Friday, April 07, 2006

Talking out of both sides of the mouth

Everyone surprised by "Scooter" Libby's testimony to the Grand Jury please stand up. Now that everyone is seated, let's discuss the implications of that testimony. Libby claims that "the President specifically had authorized" him to disclose information in the (previously classified) National Intelligence Estimate (NIE) to Judith Miller.

When the president authorizes disclosure of information, it is no longer classified. Does that exonerate the president of criminal activity? Perhaps it does on this one matter. However, it does not exonerate the president of extreme hypocrisy. Don't forget Bush's statement in September 2003: "if there is a leak out of my administration, I want to know who it is. And if the person has violated law, the person will be taken care of."

With this clear stance against leaks from the White House, Bush should be declaring mea culpa and apologizing to the American people. Of course, after five years with this administration, America knows better. Instead, Bush trotted out his official liar, Scott McClellan, to hold a press briefing.

True to form, he diverted blame to those making "irresponsible and unfounded accusations ... against the administration, suggesting that we had manipulated or misused that intelligence." McClellan stated that declassifying the NIE "was very much in the public interest." That's right, he's claiming that disclosing sensitive intelligence to the press is the right way to combat public debate about the administration's shaping of intelligence to justify invading Iraq.

Under Bush logic, exposing a sensitive NIE to the press is the right way to respond to certain facets of the public discovering his perpetration of fraud against the American people. Yet, when someone in his administration leaks the existence of NSA espionage of American's phone lines and email that he approved, Bush claims that national security was put at risk, as if al Qaeda operatives would never have otherwise suspected that intelligence agents might be eavesdropping on their communications.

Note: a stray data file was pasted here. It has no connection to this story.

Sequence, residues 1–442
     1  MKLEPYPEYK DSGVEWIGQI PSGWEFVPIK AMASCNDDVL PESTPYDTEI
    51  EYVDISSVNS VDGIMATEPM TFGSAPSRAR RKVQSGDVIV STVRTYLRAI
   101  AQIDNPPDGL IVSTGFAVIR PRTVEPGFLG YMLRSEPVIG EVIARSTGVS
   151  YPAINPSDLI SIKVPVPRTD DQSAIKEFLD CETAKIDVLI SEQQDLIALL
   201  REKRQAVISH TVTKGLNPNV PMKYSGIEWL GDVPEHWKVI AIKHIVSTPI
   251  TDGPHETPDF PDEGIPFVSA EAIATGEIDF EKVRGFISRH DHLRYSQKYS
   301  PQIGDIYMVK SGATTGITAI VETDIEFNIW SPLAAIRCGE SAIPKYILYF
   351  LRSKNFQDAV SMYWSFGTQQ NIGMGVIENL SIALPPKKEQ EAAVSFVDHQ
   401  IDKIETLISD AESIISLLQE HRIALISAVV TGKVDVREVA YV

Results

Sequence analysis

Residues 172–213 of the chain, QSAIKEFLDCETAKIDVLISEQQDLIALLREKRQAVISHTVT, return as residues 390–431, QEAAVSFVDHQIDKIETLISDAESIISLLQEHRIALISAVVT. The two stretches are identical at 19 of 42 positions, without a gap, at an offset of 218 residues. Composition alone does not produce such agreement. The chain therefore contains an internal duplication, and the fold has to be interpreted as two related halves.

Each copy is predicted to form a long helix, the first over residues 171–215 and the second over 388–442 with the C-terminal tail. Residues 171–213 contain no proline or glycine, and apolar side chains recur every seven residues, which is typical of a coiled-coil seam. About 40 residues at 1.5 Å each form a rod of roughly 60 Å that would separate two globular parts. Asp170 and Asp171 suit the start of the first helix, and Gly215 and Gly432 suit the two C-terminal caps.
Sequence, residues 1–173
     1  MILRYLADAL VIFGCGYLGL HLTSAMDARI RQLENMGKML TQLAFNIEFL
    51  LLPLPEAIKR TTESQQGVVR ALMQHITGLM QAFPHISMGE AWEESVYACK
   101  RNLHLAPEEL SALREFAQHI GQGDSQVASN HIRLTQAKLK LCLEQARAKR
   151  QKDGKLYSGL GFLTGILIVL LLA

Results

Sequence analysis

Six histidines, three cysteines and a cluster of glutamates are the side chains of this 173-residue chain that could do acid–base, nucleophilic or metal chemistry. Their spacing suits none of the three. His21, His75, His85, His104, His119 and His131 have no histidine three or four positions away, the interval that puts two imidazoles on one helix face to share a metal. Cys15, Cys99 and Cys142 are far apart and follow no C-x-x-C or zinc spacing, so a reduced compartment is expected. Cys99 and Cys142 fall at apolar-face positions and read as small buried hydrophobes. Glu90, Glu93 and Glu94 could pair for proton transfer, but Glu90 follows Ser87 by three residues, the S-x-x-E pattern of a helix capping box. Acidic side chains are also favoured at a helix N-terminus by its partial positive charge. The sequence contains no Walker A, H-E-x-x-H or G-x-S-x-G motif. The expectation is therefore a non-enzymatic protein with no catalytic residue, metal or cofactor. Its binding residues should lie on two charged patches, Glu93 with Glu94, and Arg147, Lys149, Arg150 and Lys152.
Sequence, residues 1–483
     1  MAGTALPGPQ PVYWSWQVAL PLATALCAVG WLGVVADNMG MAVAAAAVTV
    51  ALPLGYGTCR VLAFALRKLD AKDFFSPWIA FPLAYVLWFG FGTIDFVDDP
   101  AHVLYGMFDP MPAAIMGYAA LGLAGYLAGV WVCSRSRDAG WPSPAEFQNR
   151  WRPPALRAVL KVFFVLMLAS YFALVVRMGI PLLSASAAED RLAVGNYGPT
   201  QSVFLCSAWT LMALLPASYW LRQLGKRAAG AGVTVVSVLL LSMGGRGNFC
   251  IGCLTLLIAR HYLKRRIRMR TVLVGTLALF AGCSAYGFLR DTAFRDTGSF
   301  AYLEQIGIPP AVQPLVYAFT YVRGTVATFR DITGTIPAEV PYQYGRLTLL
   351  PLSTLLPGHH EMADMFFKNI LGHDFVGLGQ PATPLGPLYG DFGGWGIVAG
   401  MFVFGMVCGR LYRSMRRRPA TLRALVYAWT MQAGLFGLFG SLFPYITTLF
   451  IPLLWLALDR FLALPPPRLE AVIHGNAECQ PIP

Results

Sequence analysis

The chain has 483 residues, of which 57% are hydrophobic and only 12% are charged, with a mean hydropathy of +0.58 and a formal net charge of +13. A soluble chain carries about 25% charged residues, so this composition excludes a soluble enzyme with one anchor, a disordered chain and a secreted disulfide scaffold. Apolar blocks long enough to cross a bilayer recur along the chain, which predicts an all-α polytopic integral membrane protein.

1 comment:

The Progressive said...

In the above post, I referred to Scott McClellan as Bush's "official liar." Those are harsh words that could call into question my objectivity. Therefore, I should include grounds for that claim about McClellan. I challenge anyone who considers my claim to be unobjective to read the remainder of the press briefing I cited. If you read the Q&A that followed the quotes I used in this post and still think that McClellan is not Bush's official liar, come back and post a Comment here. You can call me out, make ad hominem attacks against me, and support Bush all you like and I promise to leave your Comment intact. Just be sure to include in your Comment a statement that you read the press briefing and you still believe McClellan is not a liar so that readers of your Comment will understand your intellectual integrity.